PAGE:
In FIG. 1, a reducer pulley 202 is mounted on link L1 and driven by motor M1 using a flexible steel rope drive 203. In the configuration shown, link L1 has a hollow cylinder 230 extending axially between the link L1 side arms. Ten cables extend through cylinder 230 to drive the five links L2 through L6. FIG. 4 shows a cable orientation schematic for an interlink transmission 1260 including the ten cables 2, 2′, 3, 3′, 4, 4′, 5, 5′ and 6, 6′, which are connected to threaded roller group A2 through A6 of FIG. 4. Each roller is mounted on a shaft of corresponding motor M2 through M6, respectively. Further, cables 6, 6′ are associated with DOF6 and connected to threaded wheel (pulley) 310, which is shown in FIG. 3. A low-friction pulley mechanism is used to guide the cables 2 through 6′ from the motor rollers A2-A6 to the interlink transmission and, more particularly, to small-diameter pulleys at each of the DOF2-DOF6 rotational joints. A configuration similar to cylinder 1230 is provided for the cables to traverse the fourth link L4 (of FIG. 4). The pulley-drive orientation, which includes threaded wheels P3 and P4, ensures the independence between the rotation of link L1 and the subsequent five links L2-L6.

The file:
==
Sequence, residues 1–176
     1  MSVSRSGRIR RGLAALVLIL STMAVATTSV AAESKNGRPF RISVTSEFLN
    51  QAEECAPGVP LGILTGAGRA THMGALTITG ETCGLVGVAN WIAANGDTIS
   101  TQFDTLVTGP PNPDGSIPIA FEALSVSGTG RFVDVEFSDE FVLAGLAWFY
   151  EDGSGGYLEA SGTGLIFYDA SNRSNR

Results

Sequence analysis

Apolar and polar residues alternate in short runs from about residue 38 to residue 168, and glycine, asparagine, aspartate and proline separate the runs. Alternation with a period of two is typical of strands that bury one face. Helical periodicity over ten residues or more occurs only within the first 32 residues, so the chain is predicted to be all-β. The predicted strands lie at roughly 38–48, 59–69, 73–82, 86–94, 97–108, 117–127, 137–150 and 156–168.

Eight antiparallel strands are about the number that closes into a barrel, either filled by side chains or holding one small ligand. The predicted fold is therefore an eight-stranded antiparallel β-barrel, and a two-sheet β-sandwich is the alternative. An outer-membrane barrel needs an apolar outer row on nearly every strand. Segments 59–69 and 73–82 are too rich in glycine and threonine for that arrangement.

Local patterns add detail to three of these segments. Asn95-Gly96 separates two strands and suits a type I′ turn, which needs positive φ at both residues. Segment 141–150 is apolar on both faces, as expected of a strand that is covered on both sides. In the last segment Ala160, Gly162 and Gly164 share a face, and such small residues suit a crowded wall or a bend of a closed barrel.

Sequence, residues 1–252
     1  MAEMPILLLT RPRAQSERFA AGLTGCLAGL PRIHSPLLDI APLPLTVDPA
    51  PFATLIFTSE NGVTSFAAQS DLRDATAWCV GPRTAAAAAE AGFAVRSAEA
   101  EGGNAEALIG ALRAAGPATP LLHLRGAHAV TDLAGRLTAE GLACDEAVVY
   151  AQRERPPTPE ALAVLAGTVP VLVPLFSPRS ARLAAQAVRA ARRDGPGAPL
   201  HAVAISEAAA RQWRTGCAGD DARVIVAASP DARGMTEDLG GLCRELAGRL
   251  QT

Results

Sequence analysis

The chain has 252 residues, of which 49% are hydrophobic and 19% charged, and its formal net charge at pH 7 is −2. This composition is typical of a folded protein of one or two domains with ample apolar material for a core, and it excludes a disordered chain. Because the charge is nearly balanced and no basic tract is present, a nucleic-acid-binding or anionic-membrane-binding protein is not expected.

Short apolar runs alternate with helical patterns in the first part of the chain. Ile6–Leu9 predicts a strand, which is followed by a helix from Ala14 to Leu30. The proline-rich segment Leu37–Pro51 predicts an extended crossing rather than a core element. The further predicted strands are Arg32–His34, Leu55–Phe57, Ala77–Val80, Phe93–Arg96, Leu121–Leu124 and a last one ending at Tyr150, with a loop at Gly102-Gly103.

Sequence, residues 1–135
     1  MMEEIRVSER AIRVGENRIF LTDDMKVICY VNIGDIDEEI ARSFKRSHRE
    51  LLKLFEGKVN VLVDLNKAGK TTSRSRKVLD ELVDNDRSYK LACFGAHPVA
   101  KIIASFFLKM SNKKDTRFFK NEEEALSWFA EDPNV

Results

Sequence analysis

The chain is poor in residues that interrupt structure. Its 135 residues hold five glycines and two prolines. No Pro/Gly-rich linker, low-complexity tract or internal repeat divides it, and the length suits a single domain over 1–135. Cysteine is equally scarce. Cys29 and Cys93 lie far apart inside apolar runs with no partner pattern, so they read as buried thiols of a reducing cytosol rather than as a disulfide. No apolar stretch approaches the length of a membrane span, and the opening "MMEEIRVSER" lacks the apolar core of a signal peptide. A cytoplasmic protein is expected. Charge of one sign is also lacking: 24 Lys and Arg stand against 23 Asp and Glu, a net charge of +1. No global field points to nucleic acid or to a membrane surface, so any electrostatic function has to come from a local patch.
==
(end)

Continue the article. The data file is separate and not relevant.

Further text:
The master arm 10 is sampled at regular time intervals by sensors connected to a control computer. Cartesian changes in operator hand position and orientation are transmitted to the control computer to map movement of a slave arm that may be kinematically different from the master arm 10. All six rotatable joints are mechanically decoupled from each other and have no backlash due to the pre-tensioned transmission cables. A remote slave arm can respond by a motion that is a replica of operator hand motion driving the master arm 10.